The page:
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[Interview] Moon Studios describes the process of deploying Ori and Will of the Wisps on Switch. iam8bit Talk Collector’s Edition, Reception, etc.

A few years ago, no one could have predicted that both Ori games would end up on Switch, but that’s exactly what happened. Moon Studios managed to bring in Ori and the Blind Forest in September 2019. A year later, the sequel Ori and the Blind continued.

Moon Studios co-founder Gennadiy Korol and lead artist Daniel van Leeuwen recently talked to Nintendo Everything about the daunting task of switching between Ori and Will of the Wisps. We also talked to game publishers Jon M. Gibson and Amanda White of iam8bit. They talked about special physical releases, selling and receiving Switch, and more.

Can you tell us a bit about how Ori and Will of the Wisps came to Switch? Did you always plan to take over the game after Ori and the Blind Forest?

Gennadiy: Like Ori and the Blind Forest, we always felt that 2D Metroidvania was the perfect switch! Ori and Will of the Wisps secretly wanted it to happen, but I honestly didn’t know if it was technically feasible. At 60fps, the quality did not drop significantly until some time after the actual development of the port.

How long did it take for the switch port to complete? Were there any unexpected delays, such as the effects of the coronavirus or other development issues?

Gennadiy: Overall, I think it took about 3.5 months for the switch port itself to complete. This was a very intense effort on the part of the team. The powerful optimization work we did earlier for the Xbox platform patch definitely helped us get a good start on the Switch port. That said, when we started, even the terribly compromised visuals, far from our goals, hit only 24fps!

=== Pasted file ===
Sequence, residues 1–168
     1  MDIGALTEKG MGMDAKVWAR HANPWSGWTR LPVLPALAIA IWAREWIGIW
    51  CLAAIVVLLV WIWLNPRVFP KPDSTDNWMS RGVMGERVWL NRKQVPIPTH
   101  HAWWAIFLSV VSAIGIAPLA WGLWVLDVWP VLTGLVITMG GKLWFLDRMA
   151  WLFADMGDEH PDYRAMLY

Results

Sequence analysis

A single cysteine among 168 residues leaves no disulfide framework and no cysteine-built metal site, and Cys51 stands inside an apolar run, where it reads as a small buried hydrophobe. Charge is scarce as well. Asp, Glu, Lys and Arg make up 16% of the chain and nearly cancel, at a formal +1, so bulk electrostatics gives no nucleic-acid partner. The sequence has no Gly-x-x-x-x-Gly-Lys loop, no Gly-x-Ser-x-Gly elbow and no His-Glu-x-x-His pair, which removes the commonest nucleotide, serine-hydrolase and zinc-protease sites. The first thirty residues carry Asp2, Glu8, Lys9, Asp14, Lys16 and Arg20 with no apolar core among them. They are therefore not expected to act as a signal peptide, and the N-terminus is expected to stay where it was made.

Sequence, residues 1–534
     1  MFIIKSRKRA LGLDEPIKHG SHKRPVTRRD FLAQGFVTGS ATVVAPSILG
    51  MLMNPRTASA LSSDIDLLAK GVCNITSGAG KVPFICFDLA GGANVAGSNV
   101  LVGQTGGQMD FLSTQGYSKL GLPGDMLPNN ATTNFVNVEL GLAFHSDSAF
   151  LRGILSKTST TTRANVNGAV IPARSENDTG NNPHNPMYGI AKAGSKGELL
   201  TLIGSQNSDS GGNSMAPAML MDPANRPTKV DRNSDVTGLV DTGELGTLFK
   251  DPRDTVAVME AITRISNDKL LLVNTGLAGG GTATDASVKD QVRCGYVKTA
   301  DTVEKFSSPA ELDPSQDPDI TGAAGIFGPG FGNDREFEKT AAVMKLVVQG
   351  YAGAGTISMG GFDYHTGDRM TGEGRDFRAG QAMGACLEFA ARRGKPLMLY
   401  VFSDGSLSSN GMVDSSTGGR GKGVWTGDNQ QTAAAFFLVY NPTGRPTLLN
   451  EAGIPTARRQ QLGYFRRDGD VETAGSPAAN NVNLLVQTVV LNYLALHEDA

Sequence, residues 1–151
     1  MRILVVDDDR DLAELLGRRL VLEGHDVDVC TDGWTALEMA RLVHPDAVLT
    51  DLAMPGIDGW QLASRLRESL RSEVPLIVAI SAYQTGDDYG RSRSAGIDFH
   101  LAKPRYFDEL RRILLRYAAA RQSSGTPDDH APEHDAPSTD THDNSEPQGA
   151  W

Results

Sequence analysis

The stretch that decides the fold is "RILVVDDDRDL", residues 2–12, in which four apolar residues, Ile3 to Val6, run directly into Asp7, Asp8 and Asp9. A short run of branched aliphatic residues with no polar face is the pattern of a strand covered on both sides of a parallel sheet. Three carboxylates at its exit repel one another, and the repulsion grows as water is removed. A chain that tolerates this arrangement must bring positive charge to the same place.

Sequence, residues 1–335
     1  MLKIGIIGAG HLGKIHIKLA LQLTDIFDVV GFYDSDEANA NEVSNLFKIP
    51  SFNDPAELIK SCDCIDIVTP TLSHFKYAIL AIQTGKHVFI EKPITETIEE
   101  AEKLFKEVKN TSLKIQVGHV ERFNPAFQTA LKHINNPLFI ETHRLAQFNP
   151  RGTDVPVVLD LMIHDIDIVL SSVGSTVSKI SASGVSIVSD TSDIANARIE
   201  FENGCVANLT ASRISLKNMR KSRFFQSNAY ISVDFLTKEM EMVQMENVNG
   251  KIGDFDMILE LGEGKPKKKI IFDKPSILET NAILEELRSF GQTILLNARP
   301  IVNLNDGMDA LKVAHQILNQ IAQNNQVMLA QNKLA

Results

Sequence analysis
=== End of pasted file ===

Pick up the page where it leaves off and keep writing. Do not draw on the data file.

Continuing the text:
As always, game development is difficult, and making a game like Will of the Wisps really shine on Switch takes a lot of risk and is significant to achieve the visual quality that Ori feels right for. I had to make some changes. platform. Fortunately, these risks really paid off and things really came together towards the end!

Ori and the Will of the Wisps runs on Switch at 60 frames per second. This is an impressive feat. What has been done to make that possible? Also, I heard that the game wasn’t running at 60 FPS at first, how long did it take to reach that goal?

Gennadiy: Thank you! We are very proud of what our team can do with Nintendo Switch. Many of us didn’t even believe that the 60 fps goal was achievable, but we knew that the 30 fps Ori would never feel right. I knew I needed an instant response, smooth, smooth animation, and horizontal scrolling.

To be honest, reaching 60 fps is most of what we’ve done during the entire duration of this port, and to be able to reach 60 consistently is a lot of iterations, content changes, and rendering pipelines. It required rewriting, streaming fixes, memory optimization, and hardcore engine optimization.

If you’re targeting 60fps on your switch, you’re in a bit of an “all or nothing” situation when it comes to optimization. You absolutely need to make sure that all aspects of the engine between simulation, streaming, rendering and graphics reach the 16ms frame target. If not, the game will never reach 60.

This is the most difficult thing we’ve done on Moon and we’re very happy to see the reaction from the players. It’s very rewarding to see how everything was put together and how Will of the Wisps runs on this platform.

Can I share information about the actual porting process? How did the team finally decide to bring the title to Switch?

Daniel: First of all, I set a goal. From the beginning, it was very clear that we didn’t want to sacrifice something that would hurt our experience. 60fps was absolutely necessary.